Driving on unfamiliar roads can stress you out, especially driving in another state. Being unfamiliar with speeding laws can present some challenges. You might have no idea about the speeding laws hence find yourself being pulled over. Whatever the reason, if you face a speeding fine in Iowa, this article might help you.
Different Types of Speeding Laws
Speeding law varies from state to state. Many states have several speed limit types. In general, speed laws can broadly fall into one of these three categories:
Absolute/Maximum Speed Limits Laws
If you drive faster than posted limit and get caught by police for speeding. That’s an example of absolute speed limit law. If the posted limit is 50 miles per hour and you cross that limit, you’ve violated the law. Iowa’s absolute speed limits, unless posted otherwise are:
- 20 mph in business areas
- 25 mph in residential areas and school zones
- 45 mph in suburban areas
- 65 mph on fully controlled-access, multilane highways
- 70 mph on interstate highways, and
- 55 mph on other roadways.
Basic Speed Limit Laws
The only issue with basic speed laws is generally no presumptions are involved. If you were driving at a safe speed under the conditions and having regard for actual or potential hazards then existing, you might not get a ticket for speeding. Basic speeding laws also specify that drivers must reduce their speed when approaching crossings, curves, a hillcrest, or when road and weather conditions are not favorable.
Several factors are considered by a judge or a jury deciding a case. These include:
- The weather, bad or good.
- The amount of traffic, heavy or not.
- Whether the area had a lot of pedestrians.
- Whether you were on a narrow road.
- Whether you were near an intersection or a crossing.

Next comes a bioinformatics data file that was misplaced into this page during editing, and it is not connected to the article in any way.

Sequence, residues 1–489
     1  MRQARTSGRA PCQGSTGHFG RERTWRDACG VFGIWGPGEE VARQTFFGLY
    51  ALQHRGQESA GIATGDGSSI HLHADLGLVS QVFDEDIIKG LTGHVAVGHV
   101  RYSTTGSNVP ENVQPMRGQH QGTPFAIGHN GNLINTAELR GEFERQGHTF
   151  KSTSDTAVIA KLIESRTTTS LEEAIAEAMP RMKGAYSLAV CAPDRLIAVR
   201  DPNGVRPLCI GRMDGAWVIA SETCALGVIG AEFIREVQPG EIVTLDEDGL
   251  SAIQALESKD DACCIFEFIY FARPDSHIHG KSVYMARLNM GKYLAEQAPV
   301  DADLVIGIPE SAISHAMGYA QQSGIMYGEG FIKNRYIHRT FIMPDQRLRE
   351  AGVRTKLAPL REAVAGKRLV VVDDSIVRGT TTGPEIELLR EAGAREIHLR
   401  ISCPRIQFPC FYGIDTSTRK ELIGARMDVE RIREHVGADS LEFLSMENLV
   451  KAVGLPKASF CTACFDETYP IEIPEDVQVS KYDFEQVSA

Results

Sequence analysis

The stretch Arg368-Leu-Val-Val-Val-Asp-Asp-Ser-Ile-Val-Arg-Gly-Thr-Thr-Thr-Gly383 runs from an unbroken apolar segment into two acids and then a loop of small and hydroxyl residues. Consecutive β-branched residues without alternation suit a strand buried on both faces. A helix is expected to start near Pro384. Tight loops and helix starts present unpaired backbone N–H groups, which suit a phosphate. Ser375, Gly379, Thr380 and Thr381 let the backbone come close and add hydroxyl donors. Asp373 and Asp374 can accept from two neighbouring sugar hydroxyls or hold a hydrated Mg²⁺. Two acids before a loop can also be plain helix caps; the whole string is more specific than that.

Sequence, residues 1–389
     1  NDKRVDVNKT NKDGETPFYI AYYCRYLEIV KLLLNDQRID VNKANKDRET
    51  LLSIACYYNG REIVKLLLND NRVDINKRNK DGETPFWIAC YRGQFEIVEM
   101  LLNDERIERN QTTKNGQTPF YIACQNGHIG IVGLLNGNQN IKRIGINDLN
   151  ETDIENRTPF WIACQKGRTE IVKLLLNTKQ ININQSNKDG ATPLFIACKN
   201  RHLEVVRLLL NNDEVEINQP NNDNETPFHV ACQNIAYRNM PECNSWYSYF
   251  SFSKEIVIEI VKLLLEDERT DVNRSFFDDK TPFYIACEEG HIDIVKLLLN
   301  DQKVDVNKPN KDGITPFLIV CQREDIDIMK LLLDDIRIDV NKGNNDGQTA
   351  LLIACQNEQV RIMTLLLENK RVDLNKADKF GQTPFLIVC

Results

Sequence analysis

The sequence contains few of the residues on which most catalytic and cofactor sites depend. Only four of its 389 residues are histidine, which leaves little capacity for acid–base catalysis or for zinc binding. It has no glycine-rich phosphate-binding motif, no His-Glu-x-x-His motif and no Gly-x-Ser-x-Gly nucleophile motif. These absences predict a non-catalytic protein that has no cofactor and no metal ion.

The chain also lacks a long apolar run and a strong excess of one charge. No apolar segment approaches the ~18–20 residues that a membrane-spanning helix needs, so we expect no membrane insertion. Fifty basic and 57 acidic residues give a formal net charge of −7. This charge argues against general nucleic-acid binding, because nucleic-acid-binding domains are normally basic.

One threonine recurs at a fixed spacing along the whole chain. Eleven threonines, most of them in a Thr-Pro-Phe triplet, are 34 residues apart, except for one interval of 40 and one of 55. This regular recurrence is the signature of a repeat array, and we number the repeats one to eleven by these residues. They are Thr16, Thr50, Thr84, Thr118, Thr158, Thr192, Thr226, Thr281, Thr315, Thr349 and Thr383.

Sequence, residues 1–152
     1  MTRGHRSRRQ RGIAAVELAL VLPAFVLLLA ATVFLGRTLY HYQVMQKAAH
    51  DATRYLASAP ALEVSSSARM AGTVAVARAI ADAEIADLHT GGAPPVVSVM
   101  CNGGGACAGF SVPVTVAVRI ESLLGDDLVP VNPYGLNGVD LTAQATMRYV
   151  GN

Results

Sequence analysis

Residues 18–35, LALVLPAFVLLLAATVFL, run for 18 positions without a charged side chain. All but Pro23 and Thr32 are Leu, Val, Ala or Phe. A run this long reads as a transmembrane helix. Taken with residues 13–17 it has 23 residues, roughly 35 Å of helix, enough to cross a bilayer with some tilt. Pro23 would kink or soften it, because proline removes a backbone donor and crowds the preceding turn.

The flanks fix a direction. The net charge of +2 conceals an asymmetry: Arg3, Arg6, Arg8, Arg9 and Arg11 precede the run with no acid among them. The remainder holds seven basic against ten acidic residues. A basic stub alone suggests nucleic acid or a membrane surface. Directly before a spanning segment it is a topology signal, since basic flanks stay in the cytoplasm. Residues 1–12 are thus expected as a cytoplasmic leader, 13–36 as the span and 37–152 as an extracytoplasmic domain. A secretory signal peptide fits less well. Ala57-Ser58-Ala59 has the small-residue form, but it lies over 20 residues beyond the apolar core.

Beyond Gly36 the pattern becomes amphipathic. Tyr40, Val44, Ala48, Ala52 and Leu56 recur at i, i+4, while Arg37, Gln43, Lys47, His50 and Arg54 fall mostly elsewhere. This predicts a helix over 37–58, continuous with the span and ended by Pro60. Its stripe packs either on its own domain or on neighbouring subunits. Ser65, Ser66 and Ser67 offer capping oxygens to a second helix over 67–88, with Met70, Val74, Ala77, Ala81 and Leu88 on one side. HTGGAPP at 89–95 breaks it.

Chances of convincing a judge that you were under safe speed limits are increased when road and weather conditions were good and you were not going that fast. For instance, on a bright sunny day, 55 miles per hour might be safe. But if it’s dark and the road condition is bad, 55 mph can be dangerous and a violation of the basic speeding law.
Prima facie/ Presumed Speed Limit laws
Prima facie speed limits are not as simple as absolute speeding laws. Even when you cross a prima facie limit, it doesn’t mean you broke the law. Exceeding a set prima facie limit creates only a “presumption” that you were speeding. If you prove in court that the speed was safe, the jury or judge is supposed to find you not guilty.
Got a Speeding Ticket in Iowa?
If you are booked with a speeding ticket, you have two options. Either fight the ticket, beat the charges, and keep the record clean or accept the ticket, pay the fine, enjoy the increase in your insurance rate.
Speeding Penalties in Lowa
Points to be added to your driving records.
|Violation: Speed Over the Limit
|1 – 5 mph over
|6 – 10 mph over
|11 – 15 mph over
|16 – 20 mph over
|20 mph and above
|$100 plus an additional $5 for each mile
- If guilty of speeding 25 mph or more over the limit, your license can be taken away immediately.
- Any traffic violations received out of the state still go on your Iowa driving record.
Note : Total fine will be = Base Fine + Court Fee ($60) + 35% surcharge
Driver’s License Points System
The points system in Iowa is designed to keep hazardous drivers off the road. The state doesn’t even assign points if speeding 15 mph or less over the limit. But, your license can still be suspended if you receive 3 moving violations within 12 months time period. It can be suspended immediately if you’re caught driving 25 mph or more over the specified speed limit.
How to pay Speeding Fine in Iowa?
You can pay fines, surcharges, and fees with any of the major credit cards at Iowa Courts. Click the Pay Fines Online button on the given page. You need to know:
- Type of the case.
- The county in which citation or charge was issued.
- The case number.
- The name of the person charged .
You can also pay by calling 515-348-4788 from 8:00 am – 4:30 pm, Monday -Friday.
DMV Offices in Iowa
Also Read : Iowa Speeding Laws and Penalties
Frequently Asked Questions
It will for 6 Years.
Unfortunately, in Iowa there is no such thing as Court Supervision
A ticket will surely affect your insurance, though not all companies may have the same policies you will have to call your insurance company and ask how will this ticket affect your premium or policy.
Fines and fees are due to the court clerk 30 days after the date is assessed by a court order.
When you pay online it already is a plea of guilty. If the box on the ticket marked “court appearance required” is checked, only then do you have to appear in the court.